Manufacturing growth slows slightly in March

Manufacturing activity cooled off a bit last month after expanding in February at the fastest pace in nearly seven years.

Manufacturing activity cooled off a bit last month after expanding in February at the fastest pace in nearly seven years.

The Institute for Supply Management said Friday that the sector grew for the 20th straight month. The trade group's index of manufacturing activity dipped to 61.2 from 61.4 in February, the highest reading in nearly seven years.

Any reading above 50 indicates growth. The index bottomed out during the recession at 33.3 in December 2008, the lowest point since June 1980.

Measures of new orders and new export orders dropped, though they remained well above levels that signal growth. Ian Shepherdson, chief U.S. economist at High Frequency Economics, said the declines could reflect the impact of Japan's earthquake and tsunami, which have disrupted global manufacturing supply chains. Japanese firms are leading suppliers of parts to automakers and electronics companies around the world.

"Overall, this is still a very robust report," Shepherdson said.

One concern is higher material costs. Manufacturers are paying higher prices for cotton, steel and other commodities, and many are expressing concern that the inflation could cut into their profit margins, the survey found.

The prices index rose slightly in March to the highest level in almost three years. That could also contribute to broader inflation if manufacturers pass on some of the higher costs.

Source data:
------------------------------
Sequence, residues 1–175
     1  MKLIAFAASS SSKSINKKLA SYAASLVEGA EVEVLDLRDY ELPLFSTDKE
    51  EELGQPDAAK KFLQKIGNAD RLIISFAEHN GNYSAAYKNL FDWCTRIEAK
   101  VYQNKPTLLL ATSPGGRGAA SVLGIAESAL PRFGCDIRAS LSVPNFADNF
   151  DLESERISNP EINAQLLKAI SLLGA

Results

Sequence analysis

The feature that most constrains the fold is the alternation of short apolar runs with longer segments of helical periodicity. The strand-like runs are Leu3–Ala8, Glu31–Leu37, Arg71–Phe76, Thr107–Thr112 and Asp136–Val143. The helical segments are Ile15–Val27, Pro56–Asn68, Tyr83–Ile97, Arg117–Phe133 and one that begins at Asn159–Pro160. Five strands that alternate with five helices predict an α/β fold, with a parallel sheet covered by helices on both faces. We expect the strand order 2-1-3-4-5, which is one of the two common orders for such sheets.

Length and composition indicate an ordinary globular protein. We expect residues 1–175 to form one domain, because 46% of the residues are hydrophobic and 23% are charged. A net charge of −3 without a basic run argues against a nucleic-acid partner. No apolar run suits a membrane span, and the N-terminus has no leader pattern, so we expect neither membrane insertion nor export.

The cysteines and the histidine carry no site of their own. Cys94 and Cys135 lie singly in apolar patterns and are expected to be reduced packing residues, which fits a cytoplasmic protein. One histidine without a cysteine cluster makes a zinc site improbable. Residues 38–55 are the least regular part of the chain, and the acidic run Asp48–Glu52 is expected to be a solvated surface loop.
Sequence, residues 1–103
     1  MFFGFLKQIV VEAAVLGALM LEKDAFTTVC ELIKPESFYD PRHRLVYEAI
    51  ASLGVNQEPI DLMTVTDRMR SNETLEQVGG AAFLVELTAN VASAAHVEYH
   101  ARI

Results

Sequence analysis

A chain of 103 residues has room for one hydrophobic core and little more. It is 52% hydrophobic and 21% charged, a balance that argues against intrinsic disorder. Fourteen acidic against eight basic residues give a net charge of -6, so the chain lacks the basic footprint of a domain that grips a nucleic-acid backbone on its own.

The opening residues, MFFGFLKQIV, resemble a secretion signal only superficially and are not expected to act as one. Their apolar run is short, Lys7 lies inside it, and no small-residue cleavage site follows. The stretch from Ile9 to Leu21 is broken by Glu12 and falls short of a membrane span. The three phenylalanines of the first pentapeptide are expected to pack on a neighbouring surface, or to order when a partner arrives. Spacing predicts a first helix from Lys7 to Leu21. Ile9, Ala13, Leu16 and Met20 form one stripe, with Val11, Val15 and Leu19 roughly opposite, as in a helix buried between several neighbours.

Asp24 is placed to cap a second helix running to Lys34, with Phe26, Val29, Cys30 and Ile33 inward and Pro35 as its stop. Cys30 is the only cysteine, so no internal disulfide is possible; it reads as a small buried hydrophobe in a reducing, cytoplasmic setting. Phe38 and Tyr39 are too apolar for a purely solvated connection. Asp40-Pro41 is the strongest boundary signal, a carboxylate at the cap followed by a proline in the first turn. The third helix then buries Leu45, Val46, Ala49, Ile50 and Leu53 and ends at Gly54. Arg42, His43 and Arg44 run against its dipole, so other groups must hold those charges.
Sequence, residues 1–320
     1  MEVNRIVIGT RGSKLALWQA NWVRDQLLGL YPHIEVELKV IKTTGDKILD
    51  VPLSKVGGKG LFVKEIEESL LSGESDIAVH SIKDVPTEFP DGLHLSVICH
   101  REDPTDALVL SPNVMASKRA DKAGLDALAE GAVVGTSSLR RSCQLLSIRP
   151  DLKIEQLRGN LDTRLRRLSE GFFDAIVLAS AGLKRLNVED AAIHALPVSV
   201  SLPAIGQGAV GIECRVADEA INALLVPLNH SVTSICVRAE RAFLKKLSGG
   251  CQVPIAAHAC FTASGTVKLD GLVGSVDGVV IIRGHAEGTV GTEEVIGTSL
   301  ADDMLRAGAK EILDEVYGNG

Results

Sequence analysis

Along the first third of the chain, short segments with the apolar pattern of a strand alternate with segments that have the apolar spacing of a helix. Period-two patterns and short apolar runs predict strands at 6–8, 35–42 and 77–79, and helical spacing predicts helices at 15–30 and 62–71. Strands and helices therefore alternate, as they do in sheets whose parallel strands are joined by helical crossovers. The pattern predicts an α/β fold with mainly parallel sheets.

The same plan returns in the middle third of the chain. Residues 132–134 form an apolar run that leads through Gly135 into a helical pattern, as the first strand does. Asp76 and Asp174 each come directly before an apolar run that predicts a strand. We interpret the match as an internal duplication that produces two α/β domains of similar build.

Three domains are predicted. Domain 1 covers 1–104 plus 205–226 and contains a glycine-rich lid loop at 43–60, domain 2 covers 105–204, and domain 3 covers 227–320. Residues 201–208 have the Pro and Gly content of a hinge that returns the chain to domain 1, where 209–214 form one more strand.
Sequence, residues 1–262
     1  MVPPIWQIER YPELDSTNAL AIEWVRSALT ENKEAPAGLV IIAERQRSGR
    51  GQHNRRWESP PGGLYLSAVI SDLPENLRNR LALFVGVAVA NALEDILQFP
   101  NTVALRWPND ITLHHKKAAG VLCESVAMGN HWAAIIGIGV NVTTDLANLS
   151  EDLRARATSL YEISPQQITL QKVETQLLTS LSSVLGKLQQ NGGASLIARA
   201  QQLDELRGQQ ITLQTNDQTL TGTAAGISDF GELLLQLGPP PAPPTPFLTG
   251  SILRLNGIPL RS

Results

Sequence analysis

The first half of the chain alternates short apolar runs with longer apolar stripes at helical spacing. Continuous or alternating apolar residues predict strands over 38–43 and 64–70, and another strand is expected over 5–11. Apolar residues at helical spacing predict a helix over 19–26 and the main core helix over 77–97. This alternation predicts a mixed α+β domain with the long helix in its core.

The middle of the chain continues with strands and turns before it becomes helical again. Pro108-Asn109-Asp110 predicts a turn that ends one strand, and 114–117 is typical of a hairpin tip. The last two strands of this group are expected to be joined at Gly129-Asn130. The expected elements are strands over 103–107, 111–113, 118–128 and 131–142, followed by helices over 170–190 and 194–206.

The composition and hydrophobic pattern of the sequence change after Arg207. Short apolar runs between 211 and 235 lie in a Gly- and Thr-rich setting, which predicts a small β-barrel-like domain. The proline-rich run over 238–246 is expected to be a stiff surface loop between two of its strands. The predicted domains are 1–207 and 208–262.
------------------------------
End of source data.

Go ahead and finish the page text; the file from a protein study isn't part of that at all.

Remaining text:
"Many manufacturers indicate the prices they have to pay for inputs are rising, and there is concern about the impact of higher prices on their margins," said Norbert Ore, chairman of the committee that oversees the survey.

Factory production increased at a faster pace last month, the report showed. The production index rose to its highest level in more than seven years.

Other aspects of the report were mixed. Order backlogs are still growing, but at a much slower rate. The survey's employment index dipped, although February's pace was the fastest in 38 years.

Manufacturing has been a key driver of economic growth and employment since the recession ended in June 2009. Consumers are spending more on autos, appliances and electronic goods.

General Motors said Friday that car and truck sales rose 11 percent in March, a smaller increase than the previous two months. But the company said it offered fewer rebates and incentives.

Manufacturers added 17,000 jobs in March, the Labor Department said Friday. Factories have added nearly 200,000 jobs in the past year.

Overall, the economy added 216,000 jobs in March, the second straight month of strong job growth. The unemployment rate fell to 8.8 percent from 8.9 percent. The rate has fallen a full percentage point since November.

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